A spokesman for the American Chemical Society said that the group would not offer a response to Ms. Rogers's blog post or the conversation that's sprung up around it. "We find little constructive dialogue can be had on blogs and other listservs where logic, balance, and common courtesy are not practiced and observed," Glenn S. Ruskin, the group's director of public affairs, said in an e-mail message. "As a matter of practice, ACS finds that direct engagement via telephone or face-to-face with individuals expressing concern over pricing or other related matters is the most productive means to finding common ground and resolution."

Which is rude, condescending and dismissive of both librarians and bloggers.

And, of course, no one on the Internet can leave well enough alone. There's more PR disaster on the cheminfo-l mailing list:

I respect and appreciate responsible bloggers, those that thoughtfully engage on those blogs as well as those that utilize listservs. No insult was intended, and apologies to those that interpreted the comment that way. These outlets provide important avenues to further dialogue and collaboration and are valuable assets in the ever evolving digital age.

The individual responsible for the above cited blog certainly has the right to her opinion, but that does not excuse rude behavior or her use of profanity and vulgarity in addressing ACS or its employees. While not evident in the most recent postings, I won’t repeat what she has posted in the past. But I think you would agree that vulgarity and profanity postings do not lend themselves to meaningful, productive and civil discourse, thus our decision not to engage any further with her on this topic.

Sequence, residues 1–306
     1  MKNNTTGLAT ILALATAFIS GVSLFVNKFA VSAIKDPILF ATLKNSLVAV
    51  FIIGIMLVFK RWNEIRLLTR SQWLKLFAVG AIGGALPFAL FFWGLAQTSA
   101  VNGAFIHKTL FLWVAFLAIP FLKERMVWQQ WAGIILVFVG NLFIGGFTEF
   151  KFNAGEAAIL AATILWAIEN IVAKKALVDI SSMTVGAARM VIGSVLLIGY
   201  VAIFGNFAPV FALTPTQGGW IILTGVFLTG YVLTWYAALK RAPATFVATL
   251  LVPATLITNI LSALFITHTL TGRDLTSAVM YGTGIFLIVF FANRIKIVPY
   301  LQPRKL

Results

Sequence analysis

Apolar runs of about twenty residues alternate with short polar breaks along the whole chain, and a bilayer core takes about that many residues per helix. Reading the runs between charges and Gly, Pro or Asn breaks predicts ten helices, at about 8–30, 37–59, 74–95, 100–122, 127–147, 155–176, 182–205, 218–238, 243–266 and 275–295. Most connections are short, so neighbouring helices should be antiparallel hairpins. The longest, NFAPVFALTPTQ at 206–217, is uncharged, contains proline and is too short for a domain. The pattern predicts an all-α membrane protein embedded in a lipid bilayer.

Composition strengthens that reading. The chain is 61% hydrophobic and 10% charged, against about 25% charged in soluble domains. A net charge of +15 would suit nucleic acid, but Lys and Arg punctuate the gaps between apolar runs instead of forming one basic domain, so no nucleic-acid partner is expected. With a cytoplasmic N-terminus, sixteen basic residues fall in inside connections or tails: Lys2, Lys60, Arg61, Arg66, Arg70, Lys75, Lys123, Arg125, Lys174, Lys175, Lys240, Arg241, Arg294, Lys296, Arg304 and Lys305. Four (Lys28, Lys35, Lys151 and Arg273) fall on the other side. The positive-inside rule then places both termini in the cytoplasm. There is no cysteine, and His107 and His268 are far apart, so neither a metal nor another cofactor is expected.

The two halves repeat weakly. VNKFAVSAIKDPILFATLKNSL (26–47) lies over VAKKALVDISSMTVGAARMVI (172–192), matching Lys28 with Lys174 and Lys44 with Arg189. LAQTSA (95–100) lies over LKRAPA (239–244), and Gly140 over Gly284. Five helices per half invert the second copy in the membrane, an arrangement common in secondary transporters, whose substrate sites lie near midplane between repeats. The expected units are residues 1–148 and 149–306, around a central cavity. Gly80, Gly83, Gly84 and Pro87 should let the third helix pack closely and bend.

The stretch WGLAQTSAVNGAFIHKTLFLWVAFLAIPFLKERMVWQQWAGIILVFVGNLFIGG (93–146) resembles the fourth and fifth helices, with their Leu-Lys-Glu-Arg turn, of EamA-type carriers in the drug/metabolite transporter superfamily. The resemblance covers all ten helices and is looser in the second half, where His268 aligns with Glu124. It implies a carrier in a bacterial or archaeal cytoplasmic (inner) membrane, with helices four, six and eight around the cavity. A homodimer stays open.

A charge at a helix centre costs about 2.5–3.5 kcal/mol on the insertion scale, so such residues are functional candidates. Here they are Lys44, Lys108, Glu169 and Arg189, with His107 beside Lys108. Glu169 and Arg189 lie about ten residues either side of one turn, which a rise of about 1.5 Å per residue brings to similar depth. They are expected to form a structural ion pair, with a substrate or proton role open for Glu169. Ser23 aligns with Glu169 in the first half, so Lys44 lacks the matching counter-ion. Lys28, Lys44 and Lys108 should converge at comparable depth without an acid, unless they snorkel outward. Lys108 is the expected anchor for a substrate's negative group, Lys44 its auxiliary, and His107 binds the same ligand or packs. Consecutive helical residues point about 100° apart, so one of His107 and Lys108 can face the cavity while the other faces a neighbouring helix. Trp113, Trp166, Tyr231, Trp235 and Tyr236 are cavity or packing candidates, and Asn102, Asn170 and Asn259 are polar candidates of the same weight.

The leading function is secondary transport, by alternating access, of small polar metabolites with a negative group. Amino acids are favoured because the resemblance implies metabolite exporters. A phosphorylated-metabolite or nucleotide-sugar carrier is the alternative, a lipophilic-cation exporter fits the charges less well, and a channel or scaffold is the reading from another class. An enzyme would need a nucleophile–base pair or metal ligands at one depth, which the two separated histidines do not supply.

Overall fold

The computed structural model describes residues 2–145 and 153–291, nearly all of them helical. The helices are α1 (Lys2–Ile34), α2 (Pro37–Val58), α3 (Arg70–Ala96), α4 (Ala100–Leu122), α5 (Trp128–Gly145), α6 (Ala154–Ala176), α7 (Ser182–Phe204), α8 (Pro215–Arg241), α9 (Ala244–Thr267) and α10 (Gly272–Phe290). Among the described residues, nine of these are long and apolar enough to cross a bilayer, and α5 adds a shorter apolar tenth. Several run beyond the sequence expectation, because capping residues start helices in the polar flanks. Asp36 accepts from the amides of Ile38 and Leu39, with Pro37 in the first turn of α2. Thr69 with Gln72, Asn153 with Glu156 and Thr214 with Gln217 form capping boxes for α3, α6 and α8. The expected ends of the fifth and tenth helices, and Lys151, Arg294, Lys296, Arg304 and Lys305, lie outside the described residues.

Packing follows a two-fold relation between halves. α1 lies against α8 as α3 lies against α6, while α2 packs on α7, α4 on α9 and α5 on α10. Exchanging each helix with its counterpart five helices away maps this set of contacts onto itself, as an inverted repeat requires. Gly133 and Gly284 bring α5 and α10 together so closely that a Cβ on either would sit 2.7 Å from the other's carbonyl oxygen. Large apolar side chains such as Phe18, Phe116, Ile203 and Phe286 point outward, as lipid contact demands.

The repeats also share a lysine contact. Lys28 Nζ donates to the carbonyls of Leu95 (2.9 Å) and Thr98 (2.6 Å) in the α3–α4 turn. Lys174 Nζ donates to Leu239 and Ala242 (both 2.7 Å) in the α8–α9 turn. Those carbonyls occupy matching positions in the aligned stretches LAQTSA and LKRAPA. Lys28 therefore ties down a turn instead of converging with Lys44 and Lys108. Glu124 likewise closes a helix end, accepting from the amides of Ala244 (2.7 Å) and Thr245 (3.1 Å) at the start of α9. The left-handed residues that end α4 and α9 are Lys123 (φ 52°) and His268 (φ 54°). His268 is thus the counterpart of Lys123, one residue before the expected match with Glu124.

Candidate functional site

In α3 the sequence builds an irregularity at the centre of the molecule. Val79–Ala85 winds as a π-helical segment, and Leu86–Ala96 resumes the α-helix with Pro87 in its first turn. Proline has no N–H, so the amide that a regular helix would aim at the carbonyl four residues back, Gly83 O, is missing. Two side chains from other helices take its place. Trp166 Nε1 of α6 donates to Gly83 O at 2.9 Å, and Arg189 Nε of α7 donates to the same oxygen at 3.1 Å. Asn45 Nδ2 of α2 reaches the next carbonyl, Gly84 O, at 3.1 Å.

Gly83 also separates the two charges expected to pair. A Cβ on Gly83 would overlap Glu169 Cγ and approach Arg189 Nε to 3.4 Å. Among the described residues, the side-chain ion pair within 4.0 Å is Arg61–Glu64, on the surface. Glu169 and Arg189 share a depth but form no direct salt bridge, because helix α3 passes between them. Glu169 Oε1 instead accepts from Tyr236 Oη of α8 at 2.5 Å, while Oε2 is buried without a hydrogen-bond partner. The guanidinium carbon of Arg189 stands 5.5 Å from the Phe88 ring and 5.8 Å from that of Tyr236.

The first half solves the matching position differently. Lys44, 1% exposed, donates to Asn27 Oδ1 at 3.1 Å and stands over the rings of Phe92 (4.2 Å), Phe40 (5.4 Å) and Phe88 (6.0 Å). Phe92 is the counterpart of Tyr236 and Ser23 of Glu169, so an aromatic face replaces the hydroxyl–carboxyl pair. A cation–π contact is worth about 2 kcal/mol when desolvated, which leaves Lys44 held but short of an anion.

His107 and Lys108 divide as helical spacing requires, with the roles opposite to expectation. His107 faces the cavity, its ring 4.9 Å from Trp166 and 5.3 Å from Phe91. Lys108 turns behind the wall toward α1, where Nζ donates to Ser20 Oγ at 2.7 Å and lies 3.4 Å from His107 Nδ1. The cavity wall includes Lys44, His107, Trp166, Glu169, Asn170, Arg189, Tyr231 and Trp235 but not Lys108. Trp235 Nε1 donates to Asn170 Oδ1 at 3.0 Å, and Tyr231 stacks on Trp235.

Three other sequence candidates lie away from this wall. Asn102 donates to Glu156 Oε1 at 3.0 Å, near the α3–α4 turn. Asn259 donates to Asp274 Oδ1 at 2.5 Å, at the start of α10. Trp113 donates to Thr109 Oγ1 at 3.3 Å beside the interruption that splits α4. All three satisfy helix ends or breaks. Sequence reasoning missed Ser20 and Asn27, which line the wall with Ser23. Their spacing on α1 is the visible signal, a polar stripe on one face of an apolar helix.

Which is even worse, of course. Shutting down, haranguing, insulting and attempting to intimidate critics is a time-worn tactic.

Thankfully, Rogers will have none of that.

For all of you who won't take the time to search (nor do I think you should have to), let me share all of my public posts about the ACS. There are several over several years. I really don't think that I was guilty of "rude behavior or her use of profanity and vulgarity in addressing ACS or its employees." I don't appreciate the accusations, Mr. Ruskin, and none of what you've accused me of changes the fact that you DID insult bloggers and listserv participants. Apologizing by insulting me does you no credit.

And again.

Librarians and faculty did not price the ACS content out of our ability to pay for it.

Librarians and faculty did not insist, repeatedly, for seven hours of face-to-face ‘negotiations’, that any compromise was outside the established pricing model.